11. 11. In the first half of the twentieth century, philosophers and historians of science (mostly professional scientists doing philosophy and history on the side) presented science as a pro- gressive march toward a complete understand- ing of Reality—an asymptotic curve to Truth— with each participant adding a few bricks to the edifice of Knowledge. It was only a matter of time before physics and eventually even the social sciences would be rounding out their equations to the sixth decimal place. In the second half of the twentieth century, profes- sional philosophers and historians took over the field and, swept up in a paroxysm of post- modern deconstruction, proffered a view of science as a relativistic game played by Euro- pean white males in a reductionistic frenzy of hermeneutical hegemony, hell-bent on sup- pressing the masses beneath the thumb of di- alectical scientism and technocracy. (Yes, some of them actually talk like that, and one really did call Isaac Newton’s Principia a “rape man- ual.”) Thankfully, intellectual trends, like social movements, have a tendency to push both ends to the middle, and these two extremist views of science are now largely passé. Physics is nowhere near realizing that noble dream of explaining everything to six decimal places, and as for the social sciences, as a friend from New Jersey says, “Fuhgeddaboudit.” Yet there is progress in science, and some views really are superior to others, regardless of the color, gender, or country of origin of the scientists holding those views. Despite the fact that sci- entific data are “theory laden,” as philoso- phers like to say, science is truly different from art, music, religion, and other forms of human expression because it has a self-correcting mechanism built into it. If you don’t catch the flaws in your theory, the slant in your bias, or the distortion in your preferences, someone else will. Think of N rays and E rays, polywater and the polygraph. The history of science is littered with the debris of downed theories. Throughout this encyclopedia, we explore these borderlands of science where theory and data intersect. As we do so, let us continue to bear in mind what I call Darwin’s dictum: “all observation must be for or against some view if it is to be of any service.” Using the Encyclopedia One important tool in finding the right bal- ance between theory and data or ideas and facts is a broad base of knowledge tempered with wisdom in making judgments about knowledge claims. Without the facts, you can’t “judge for yourself” (as television documen- taries often suggest viewers do) in any objec- tive manner. What we hope to provide in this encyclopedia is a thorough, objective, and bal- anced analysis of the most prominent scientific and pseudoscientific controversies made in the name of science, mixing both facts and theory. The encyclopedia entries are written at a level appropriate for high school and college stu- dents conducting research in science and pseudoscience, members of the media looking for a balanced treatment of a subject, and those in the general public who desire a highly readable yet trustworthy resource to go to for the most reliable assessments of the most con- troversial and interesting mysteries involving our universe, our world, and ourselves. As the subjects span all manner of claims from around the world, audiences and markets across the globe will be interested in reading these volumes. In addition, members of the media desperately need a reference resource in order to quickly get their minds around a subject, to book guests on both sides of an is- sue in order to properly set up a debate, and to get “just the facts” needed for the sound-bite story that is often demanded in the hectic world of journalism. Every newspaper, maga- zine, radio, and television producer and inter- | i n t r o d u c t i o nxii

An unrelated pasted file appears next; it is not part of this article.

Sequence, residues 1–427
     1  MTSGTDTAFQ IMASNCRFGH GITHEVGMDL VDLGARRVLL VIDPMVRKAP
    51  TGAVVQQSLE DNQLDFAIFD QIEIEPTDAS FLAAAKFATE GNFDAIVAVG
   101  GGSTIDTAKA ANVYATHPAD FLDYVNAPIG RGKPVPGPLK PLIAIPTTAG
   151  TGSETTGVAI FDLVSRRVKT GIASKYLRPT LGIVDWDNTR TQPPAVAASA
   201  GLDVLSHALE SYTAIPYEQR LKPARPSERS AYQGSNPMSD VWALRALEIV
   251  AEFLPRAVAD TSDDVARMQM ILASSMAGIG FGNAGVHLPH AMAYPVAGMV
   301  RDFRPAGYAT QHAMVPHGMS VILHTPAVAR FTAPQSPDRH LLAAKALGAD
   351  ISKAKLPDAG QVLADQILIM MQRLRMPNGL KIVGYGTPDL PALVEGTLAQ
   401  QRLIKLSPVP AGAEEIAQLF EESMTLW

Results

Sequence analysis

12. 12. viewer should keep a copy of this encyclopedia right between the dictionaries and reference works on contacting experts. This two-volume encyclopedia encompasses claims from all fields of science, pseudo- science, and the paranormal, and it includes both classic historical works and modern analyses by the leading experts in the world who specialize in pseudoscience and the para- normal. The encyclopedia is heavily illustrated (these subjects lend themselves to both histori- cal and contemporary images), and most en- tries offer a respectable bibliography of the best sources on that subject from both the skeptics’ and the believers’ perspectives, allow- ing readers to conduct additional research on their own after learning what the encyclope- dia’s expert author has had to say on the sub- ject. To make this encyclopedia original and dif- ferent and to provide readers with a variety of subjects and analytic styles in order to prop- erly follow Darwin’s dictum of getting a healthy balance of data and theory, five cate- gories of pseudoscience analyses are presented here: 1. A-to-Z listings. The Encyclopedia of Pseu- doscience includes an A-to-Z section of subject analyses conducted by scientists and research- ers, exploring phenomena such as alternative medicine, astrology, crop circles, handwriting analysis, hypnosis, near-death experiences, reincarnation, séances, spiritualism, subliminal perception, UFOs, witchcraft, and much more. These fifty-nine entries are written in a straightforward manner and are of moderate length and depth, offering some theoretical foundation but not to the same extent as the articles in subsequent sections. 2. Investigations. Articles in this section consist of research investigations carried out by scientists and scholars as originally pub- lished in the pages of Skeptic magazine, re- published and repackaged here for the first time. These twenty-three articles are more than brief summaries of subjects as presented in the A-to-Z section; they are also skeptical analyses and include much more extensive re- search and bibliographies. Such analyses are applied to acupuncture, Atlantis, chiropractic, facilitated communication, homeopathy, im- mortality, and many other topics, and there are several critical pieces on the pseudoscience often found in psychology and psychotherapy. These latter pieces are especially important: although some forms of pseudoscience are seemingly harmless—astrology and crop circles come to mind—other forms can be exception- ally dangerous, particularly those dealing with the mind and behavior. 3. Case studies. The Encyclopedia of Pseudo- science includes a special section comprising thirteen in-depth analyses of very specific case studies originally conducted for Skeptic maga- zine and used here as part of the larger phe- nomena under investigation. For example, three special articles are devoted to recovered memory therapy and false memory syndrome— one from a psychiatrist’s perspective, one from a patient’s perspective, and one from a father’s perspective. Through these case studies, the reader will be given a complete analysis of a subject. The cases will interest both amateurs and professionals in a field, and they are ideal for research papers by students or background research by scientists and professionals. Jour- nalists and interested readers wanting details on a case study need go no further than this section of the encyclopedia. 4. For-and-against debates. The Encyclope- dia of Pseudoscience includes the most original section ever compiled in an encyclopedia in the form of a “pro and con” debate between experts, allowing readers to judge for them- selves by hearing both sides of an issue. Thus, for instance, “Memes as Good Science,” by ex- perimental psychologist Susan Blackmore, is contrasted with “Memes as Pseudoscience,” by cognitive psychologist James W. Polichak. Even more controversially, the study of “Race and xiiii n t r o d u c t i o n |